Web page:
New Delhi: In a big push to overhaul statistics about India, the administration is proposing to prescribe standards for private data collection agencies, including periodic audits by a government agency.
“There is a proliferation of private agencies, which essentially take our data and then fiddle around with it to suit the needs of the private sector, which is a good thing. But then one has to be careful that in doing so, they are not distorting it. We, at the moment, do not have a system to check this,” said Pronab Sen, chief statistician of India.
Sen maintains that statistical audits for private data sellers would ensure people would be convinced the data being generated by these agencies was “authentic” and “not biased”.
It is unclear how the government proposes to mandate and implement such audits as hundreds of different firms and organizations generate statistics and surveys on myriad topics.
Reactions from some such survey purveyors was decidedly mixed. “It is a good and laudable move as people are not trusting the data coming out from these agencies,” says Richard Rekhy, chief operating officer at accounting and consulting firm KPMG. “We always have a struggle on the data part. However, the regulatory environment should not be introduced immediately. To start with, it should be self-regulatory and voluntary as it promotes compliance. Moreover, people who want to beat the system always find a way to do so. Moving ahead, it should be made compulsory.”
Thomas Puliyel, president of the Market Research Society of India and president of IMRB International, notes that “most leading market research organizations are members of the (society, which) has laid down specific codes of conduct on how market research should be conducted, conclusions arrived at and reported on. It appears to be a duplication of effort for the government to also enter this field.”
Madhukar Kamath, MD and CEO, Mudra Group, says: “I don’t know the contextual details of this move, but I feel that if the basic data is robust, then there should be no issue with its interpretation or innovative use by other parties.”
The proposed audit would be on the lines of the certification from the International Standards Organization. If the proposal is actually implemented, private research agencies, be it in media, finance or consumer goods, where such surveys are commonplace, would be significantly impacted.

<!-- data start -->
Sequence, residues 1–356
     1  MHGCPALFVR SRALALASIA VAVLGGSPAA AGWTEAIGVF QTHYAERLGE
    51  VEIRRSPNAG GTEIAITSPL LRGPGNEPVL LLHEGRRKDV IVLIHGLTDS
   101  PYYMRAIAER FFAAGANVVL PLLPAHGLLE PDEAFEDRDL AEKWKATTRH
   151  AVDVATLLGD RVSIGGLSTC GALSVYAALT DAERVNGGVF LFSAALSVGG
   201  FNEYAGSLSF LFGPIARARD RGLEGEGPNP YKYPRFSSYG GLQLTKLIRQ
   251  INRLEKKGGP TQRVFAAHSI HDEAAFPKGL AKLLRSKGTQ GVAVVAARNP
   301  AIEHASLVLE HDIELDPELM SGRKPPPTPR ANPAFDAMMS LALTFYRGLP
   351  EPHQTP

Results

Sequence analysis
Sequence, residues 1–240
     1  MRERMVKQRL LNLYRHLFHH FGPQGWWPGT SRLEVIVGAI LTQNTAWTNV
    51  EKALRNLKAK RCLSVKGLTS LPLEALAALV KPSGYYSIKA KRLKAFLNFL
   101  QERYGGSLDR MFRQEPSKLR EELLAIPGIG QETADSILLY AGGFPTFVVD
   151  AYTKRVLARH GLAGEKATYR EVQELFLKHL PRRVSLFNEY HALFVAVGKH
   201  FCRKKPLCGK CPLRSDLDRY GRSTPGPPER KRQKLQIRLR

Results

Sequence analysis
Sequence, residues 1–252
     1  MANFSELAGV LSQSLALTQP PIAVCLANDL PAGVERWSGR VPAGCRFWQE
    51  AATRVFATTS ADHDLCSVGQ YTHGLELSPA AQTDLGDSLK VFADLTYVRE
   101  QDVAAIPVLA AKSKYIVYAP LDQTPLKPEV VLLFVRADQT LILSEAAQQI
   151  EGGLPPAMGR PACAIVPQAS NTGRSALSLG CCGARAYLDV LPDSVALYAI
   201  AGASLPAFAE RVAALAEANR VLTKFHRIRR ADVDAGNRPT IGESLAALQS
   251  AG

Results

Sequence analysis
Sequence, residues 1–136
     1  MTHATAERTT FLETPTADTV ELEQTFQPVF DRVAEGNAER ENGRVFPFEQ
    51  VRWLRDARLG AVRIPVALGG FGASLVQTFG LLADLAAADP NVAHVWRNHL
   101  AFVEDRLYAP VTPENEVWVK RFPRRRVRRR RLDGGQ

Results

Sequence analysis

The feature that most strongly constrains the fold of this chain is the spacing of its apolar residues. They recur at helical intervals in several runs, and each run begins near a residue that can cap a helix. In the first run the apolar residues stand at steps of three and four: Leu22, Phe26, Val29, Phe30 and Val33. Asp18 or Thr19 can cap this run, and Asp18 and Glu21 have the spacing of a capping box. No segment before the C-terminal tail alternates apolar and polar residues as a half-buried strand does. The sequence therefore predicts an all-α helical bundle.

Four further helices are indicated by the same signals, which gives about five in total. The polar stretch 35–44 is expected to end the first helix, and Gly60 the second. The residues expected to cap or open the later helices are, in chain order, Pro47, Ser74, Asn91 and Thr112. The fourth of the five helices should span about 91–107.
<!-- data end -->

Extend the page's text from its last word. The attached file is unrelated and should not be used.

Sen, for one, believes this would help slow the proliferation of such agencies. “Most people who access data from private sources are really working on faith and trust.”
The statistical audit, he says, will be done by a team of qualified government employees. As per Sen’s plans, officials, who are experts in statistical audit, will visit private organizations and check their systems with reference to methods of sample collection, collation and interpretation.
Laveesh Bhandari, who heads Indicus Analytics Pvt. Ltd, which puts out dozens of surveys, says the proposal is only good as long as it is voluntary. “It should not be made mandatory for firms in this business to get audited,” he insists. “The serious players would anyway get themselves audited and get differentiated in the process.”
Reports from the National Sample Survey Organization, published by the ministry of statistics and programme implementation, are regularly used by firms such as IMRB, ORG-MARG, Hansa Research Group, Indicus Analytics, TAM Media Research as the basis for their own work.
Sen concedes that the government will find it difficult to implement its plan. Still, he says, “we can mandate this. It can always be done because standard setting is a function of the state. But it is better that the demand originates from the user community”.
Citing TAM, which is widely used for measuring television audiences in India, Sen says: “Nobody knows that the sample that TAM Media Research is using is actually a representative sample. And crores of rupees are being bet both by the channels as well as the advertisers on those numbers.”
L.V. Krishnan, CEO, TAM Media Research Pvt. Ltd, said: “We have an open and transparent research system in place. In fact, we are the only research organization (in India) that has a dedicated measurement research team he-aded by a person who is a specialist in measurement survey science. We welcome any mo-ve to vet the way we function and conduct our research.”
In a related move to improve its own data collection and reduce long delays between collection and dissemination, the ministry is also proposing to tie up with the national e-governance programme to use their information technology (IT) infrastructure for collecting grass roots data. The ministry is proposing to tap the IT network, which the ministry of communications and IT is creating, to promote e-governance in the country.
“It will not be possible for the statistical system to set up the IT network, which would enable us to gather this rural data,” says Sen. “But now that the national e-governance plan is on, so that we will be getting IT infrastructure down to the block level, it will be much easier to capture data. We will not have to invent anything new. All we have to do is to set the standards so that the data collected by all the states is comparable.”